Delta Air Lines plans to begin distributing Microsoft Surface 2 tablet computers to its Boeing 757 and 767 pilots beginning in January. Pilots will use the computing device as an electronic flight bag (EFB) to store electronic charts and documents, reducing weight and improving workflow on the flight deck, the airline said. Delta joins other U.S. carriers that have incorporated tablet computers in their flight decks. Delta is the first major airline to select Microsoft’s Surface 2; other carriers, including United, Alaska and American, have selected the Apple iPad. The Federal Aviation Administration authorized American Airlines pilots to use iPads in all phases of flight in December 2011, making American the first carrier to use tablets for the full flight envelope. In June, the carrier completed the distribution of 8,000 iPads to its pilots.
“Delta has long been evaluating the different tablet devices that are on the market. It became apparent that the Surface 2 tablet gave us functionality above and beyond just an added electronic flight bag,” said a spokesman. “It’s a scalable device and a complete enterprise solution that will fit well in our IT environment.” Using Surface 2 tablets as EFBs will allow Delta pilots to leave behind traditional flight bags weighing some 38 pounds, the carrier said. It expects the weight reduction realized by replacing paper charts and documents with EFBs will save it $13 million per year in fuel and associated costs. Delta aims to distribute 11,000 tablets to its pilots and make all of its flight decks “paperless” by the end of next year.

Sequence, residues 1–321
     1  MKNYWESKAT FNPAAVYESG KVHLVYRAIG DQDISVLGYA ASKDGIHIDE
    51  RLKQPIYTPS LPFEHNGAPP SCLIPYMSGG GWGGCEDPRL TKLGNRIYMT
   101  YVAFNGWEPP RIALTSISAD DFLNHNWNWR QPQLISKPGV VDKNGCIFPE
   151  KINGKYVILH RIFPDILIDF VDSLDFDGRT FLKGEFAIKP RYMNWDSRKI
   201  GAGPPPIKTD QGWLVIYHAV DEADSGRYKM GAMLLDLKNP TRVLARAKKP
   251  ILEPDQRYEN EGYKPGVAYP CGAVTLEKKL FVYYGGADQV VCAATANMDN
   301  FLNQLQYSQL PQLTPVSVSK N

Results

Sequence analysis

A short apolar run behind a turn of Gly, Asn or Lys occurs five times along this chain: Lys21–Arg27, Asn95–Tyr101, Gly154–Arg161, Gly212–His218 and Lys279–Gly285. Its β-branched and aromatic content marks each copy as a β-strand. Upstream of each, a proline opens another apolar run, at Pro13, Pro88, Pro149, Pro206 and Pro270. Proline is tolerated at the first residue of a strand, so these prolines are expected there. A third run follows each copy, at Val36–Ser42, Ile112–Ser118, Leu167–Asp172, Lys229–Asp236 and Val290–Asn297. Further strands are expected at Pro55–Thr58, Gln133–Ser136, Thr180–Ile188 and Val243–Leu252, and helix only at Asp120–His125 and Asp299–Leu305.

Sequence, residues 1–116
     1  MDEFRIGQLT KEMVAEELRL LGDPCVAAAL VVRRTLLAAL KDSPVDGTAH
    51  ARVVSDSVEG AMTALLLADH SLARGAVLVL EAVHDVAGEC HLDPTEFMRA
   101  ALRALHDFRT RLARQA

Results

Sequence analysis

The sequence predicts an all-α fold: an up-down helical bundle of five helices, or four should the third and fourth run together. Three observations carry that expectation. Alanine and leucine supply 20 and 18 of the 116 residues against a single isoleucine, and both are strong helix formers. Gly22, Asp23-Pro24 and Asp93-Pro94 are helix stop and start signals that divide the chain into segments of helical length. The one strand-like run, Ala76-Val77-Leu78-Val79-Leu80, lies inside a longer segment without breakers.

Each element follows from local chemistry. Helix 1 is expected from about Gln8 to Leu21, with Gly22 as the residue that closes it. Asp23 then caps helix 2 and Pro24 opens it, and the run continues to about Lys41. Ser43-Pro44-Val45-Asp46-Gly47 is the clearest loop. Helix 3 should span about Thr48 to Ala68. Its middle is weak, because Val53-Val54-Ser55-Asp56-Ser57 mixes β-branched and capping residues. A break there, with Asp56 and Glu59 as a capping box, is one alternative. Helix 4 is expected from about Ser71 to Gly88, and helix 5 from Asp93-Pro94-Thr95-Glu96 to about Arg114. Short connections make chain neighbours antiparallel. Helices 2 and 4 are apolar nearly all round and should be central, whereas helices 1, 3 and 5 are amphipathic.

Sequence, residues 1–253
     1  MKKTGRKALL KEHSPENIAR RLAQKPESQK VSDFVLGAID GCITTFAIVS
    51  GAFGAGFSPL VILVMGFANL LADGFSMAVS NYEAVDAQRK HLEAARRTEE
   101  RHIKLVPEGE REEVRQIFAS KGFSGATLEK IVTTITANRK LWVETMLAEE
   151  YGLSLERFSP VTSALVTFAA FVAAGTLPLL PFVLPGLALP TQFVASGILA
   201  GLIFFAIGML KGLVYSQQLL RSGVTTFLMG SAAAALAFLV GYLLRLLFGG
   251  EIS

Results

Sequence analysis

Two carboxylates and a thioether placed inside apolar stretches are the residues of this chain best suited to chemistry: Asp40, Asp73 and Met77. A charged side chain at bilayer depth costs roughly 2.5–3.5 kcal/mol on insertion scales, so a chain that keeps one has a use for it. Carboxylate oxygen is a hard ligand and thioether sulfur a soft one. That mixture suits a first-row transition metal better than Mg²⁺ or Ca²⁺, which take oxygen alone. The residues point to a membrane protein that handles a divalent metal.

The carrier will initially use the tablets for storing charts and reference materials for use by pilots in non-critical flight phases. It expects to receive FAA approval to use the devices for all flight phases next year, following testing on 757s and 767s. Delta expects approvals for all subsequent fleet types by the end of next year. In coming years, Delta plans to expand the functionality of the EFB by providing pilots with electronic dispatch and flight release information, access to real-time weather forecasts and “dynamic” communication with aircraft technicians on the ground.
The Surface 2 will run on the Windows RT 8.1 platform and use the Jeppesen FliteDeck Pro application for Windows, providing access to real-time information such as dynamic charts. With the Windows operating system, pilots can open two applications side-by-side, displaying, for example, weather information alongside proposed flight paths. The tablet has a 10-hour battery life, according to Microsoft.
Delta said it also started supplying 19,000 flight attendants with Nokia Lumia 820 smartphones in August to access customer and flight information and process onboard customer purchases.